As I get older, I fall deeper in love with the Isle of Man.
That love grows stronger as I begin to unearth the treasure from its golden past. Something that often leaves me day dreaming of how the Island once shone as a tourist jewel in the middle of the Irish Sea.
I enjoy trawling through the archives of photographs and footage of how it once was. The beaches that were packed from shore to promenade, the largest ballroom in Europe that could boast hosting the Rolling Stones and the plethora of attractions that meant the Steam Packet needed a fleet of ships to fulfil the demand of people looking to visit the Isle of Man.
However, all that remains of those days is the stories of our parents and grandparents put to photographs in their albums and the rich collages of Manx nostalgia preserved online. Many of the remnants from these times have now disappeared or are disappearing in front us, as the Isle of Man moves on.
Whether that be the beach front hotels that would have once been booked up for the summer, now sadly laying derelict with boarded windows. The hotel rooms once graced with giddy British families, are now filled with dog sh!t as the police use them as training venues for drug sniffing, and a generation of children that now wouldn’t flinch at the thought of a day out at White City.
The identity of the Isle of Man is shifting.
A recent article by The Times described the Isle of Man as a “New Silicon Valley”, given the fact the island is now host to the global headquarters of the online gaming industry with new tech start-ups popping up around every corner.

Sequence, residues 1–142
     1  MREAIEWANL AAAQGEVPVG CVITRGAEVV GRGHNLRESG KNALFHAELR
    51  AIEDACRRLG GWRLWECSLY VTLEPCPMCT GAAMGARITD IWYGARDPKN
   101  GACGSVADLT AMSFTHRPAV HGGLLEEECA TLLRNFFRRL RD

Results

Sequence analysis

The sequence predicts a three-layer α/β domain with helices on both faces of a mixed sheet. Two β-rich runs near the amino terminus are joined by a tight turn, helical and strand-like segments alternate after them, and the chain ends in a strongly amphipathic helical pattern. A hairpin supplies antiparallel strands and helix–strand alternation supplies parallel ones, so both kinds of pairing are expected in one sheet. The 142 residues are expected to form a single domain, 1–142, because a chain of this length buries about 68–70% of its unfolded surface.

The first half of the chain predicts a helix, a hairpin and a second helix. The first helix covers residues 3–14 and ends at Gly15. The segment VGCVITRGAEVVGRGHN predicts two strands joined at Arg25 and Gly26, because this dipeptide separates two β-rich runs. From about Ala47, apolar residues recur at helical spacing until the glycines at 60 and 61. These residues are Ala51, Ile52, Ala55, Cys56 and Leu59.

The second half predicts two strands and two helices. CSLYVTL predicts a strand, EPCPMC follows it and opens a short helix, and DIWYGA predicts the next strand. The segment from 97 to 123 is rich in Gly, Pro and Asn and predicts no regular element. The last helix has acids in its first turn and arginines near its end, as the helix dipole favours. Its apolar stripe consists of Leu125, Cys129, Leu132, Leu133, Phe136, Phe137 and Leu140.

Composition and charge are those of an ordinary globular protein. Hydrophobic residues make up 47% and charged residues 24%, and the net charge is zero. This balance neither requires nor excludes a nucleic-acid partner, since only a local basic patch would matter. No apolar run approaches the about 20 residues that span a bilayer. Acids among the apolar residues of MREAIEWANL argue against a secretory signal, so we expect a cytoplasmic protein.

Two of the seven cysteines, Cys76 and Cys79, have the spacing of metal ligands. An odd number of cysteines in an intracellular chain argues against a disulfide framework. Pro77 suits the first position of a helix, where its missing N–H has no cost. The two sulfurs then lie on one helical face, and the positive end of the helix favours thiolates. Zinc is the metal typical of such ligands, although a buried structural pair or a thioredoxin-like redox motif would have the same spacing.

The ‘California of the Irish Sea’ is an extraordinary description when comparing it to Palo Alto, the hotbed for tech giants like Facebook, Apple, Google, Tesla to name drop a few. Leading the world in enterprise, technology and getting you to your office in an autonomous electric vehicle!
Is this really where the Isle of Man is heading?
Manx relics of yore are rightfully being championed in the museums and archives as we look to newfound strengths. We’re making way for innovation, technology and appealing to revolutionary entrepreneurship to come and take us into a new economic age.
But while the government claims to pioneer and embrace of the future, there still remains a facet of our heritage that they fruitlessly cling on to. It is a point of contention that almost certainly puts a divide between the generations; The Horse Trams.
The Douglas Bay Horse Tramway celebrated its 142nd birthday on August 6th 2018. The clip-clop relic of Victorian Isle of Man has operated every day when in season and only stopped for the breakout of WWII. Incredible.
It is a living legacy which has spanned over three centuries, featuring at the fore or in the background, of hundreds of thousands of Islanders’ lives. A constant for generations.
But it is only in recent times that one factor has truly threatened its existence. And perhaps it is most telling of all.
Douglas Borough Council ran the horse trams until they famously declared that they were no longer financially viable. It was a sale they said, that was in the interest of the ratepayer. And as plans for the promenade were being drawn up, the Department of Infrastructure stepped with a saviour’s solution to the failing tramway: taxpayer money.
In the last year the council ran the horse trams, they were running at a loss of £263,000.
£110,000 was initially spent by the DoI for the rolling stock and the horses for the first season of operation. Government then went on to spend £600,000 on buying the stables on Queens Promenade, a transaction which apparently forms the ‘vision’ for the future of the prom.
Revenue generated by the trams in the last year was £143,000. But the government is still buying extra fixtures and fittings from the council, adding to the running costs of £626,000. So in the last horse tram season, the operation cost the entire Isle of Man nearly half a million pounds.
That’s not to mention the £1.5 million that’s recently been splashed out for a facelift of the Strathallan depot.